Saturday, September 12, 2009

IN MEMORIAM: David Foster Wallace (February 21, 1962 – September 12, 2008)

One year ago today, he broke my heart,
Though it was not the first time he did that.
In 1996, he tore apart
My brain. His tale of a filmed samizdat,
Addiction, tennis, school and Boston gave
Me dizzy spells e'en ere the weirdness hit.
It pains me that his humor could not save
Himself, but there are limits to what wit
Can do, footnoted or not. Greedy, I
Will most miss his non-fiction pieces, which
Could make the world a bit more strange. I'll cry
Again today for him. He made me rich
In stored enjoyment, and I thank him for
What he could give us. Wish there were some more.


  1. Foster's great tragedy was that he had found an antidepressant that worked, and stopped taking it because he didn't like the side effects. When he resumed, unable to find a substitute that did the job for him, it was no longer effective.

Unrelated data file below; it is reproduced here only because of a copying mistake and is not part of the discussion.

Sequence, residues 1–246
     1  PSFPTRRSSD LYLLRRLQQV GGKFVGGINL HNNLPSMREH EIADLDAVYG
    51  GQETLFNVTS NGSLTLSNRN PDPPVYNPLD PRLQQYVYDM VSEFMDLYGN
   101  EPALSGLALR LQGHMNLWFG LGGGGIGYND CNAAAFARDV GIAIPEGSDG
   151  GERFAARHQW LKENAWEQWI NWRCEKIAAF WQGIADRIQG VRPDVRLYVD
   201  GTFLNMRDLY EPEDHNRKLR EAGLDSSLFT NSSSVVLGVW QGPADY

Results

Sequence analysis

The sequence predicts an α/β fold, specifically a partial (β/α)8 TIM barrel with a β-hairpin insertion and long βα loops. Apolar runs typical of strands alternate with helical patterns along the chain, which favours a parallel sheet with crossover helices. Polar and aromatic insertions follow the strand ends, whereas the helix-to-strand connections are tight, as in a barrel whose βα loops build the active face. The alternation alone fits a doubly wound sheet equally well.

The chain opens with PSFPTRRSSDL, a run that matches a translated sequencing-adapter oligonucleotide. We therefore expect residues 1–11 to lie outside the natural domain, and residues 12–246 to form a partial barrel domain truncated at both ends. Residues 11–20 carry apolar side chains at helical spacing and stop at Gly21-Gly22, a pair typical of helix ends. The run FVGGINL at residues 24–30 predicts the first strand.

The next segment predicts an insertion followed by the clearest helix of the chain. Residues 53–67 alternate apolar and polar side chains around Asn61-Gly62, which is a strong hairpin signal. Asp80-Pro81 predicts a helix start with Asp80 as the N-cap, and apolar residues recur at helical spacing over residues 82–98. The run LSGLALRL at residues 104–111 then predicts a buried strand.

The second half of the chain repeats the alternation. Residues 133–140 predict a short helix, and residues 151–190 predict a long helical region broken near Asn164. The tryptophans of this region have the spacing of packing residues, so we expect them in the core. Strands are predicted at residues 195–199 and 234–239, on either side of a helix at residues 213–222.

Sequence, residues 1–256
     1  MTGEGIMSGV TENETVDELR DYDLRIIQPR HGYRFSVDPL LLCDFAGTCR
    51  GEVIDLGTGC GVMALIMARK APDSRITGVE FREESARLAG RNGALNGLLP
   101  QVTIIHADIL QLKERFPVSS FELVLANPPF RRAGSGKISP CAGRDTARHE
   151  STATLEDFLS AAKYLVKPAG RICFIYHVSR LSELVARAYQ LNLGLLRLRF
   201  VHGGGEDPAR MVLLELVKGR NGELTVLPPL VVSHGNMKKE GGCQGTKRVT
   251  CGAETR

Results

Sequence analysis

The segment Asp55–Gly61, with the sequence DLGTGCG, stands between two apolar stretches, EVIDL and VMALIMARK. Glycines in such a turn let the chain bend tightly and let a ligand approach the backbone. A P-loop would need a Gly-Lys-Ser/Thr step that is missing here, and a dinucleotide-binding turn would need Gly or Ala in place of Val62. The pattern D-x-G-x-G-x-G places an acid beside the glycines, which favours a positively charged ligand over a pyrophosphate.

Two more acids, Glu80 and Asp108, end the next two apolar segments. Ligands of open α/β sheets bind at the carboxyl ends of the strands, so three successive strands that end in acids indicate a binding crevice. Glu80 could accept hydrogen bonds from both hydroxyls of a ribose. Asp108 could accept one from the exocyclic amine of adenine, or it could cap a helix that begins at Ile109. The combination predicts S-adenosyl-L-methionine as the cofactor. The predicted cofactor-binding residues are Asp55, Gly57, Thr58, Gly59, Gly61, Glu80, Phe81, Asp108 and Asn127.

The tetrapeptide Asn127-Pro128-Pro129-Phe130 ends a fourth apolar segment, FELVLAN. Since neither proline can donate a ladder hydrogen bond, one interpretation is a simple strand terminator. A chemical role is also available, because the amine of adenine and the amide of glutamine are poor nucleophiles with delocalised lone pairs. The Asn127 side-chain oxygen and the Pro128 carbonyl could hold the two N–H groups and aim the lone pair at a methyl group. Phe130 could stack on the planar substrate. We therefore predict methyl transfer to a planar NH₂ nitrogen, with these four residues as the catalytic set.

That is often the case with antidepressant meds. Even on a doctor's orders, it can be dangerous to switch from an effective one to another, because of the Tom Wolfe effect.

  2. I can't say I didn't see his action coming; there are clues strewn throughout his works. I hadn't known until the obituaries came out just how severe his depression-and-pharmaceutical-cycle had been, though. I felt the loss very keenly and still do. I probably identified with him more closely than any other contemporary writer.


Again, sorry about the Captcha, but the spam comments are getting out of hand.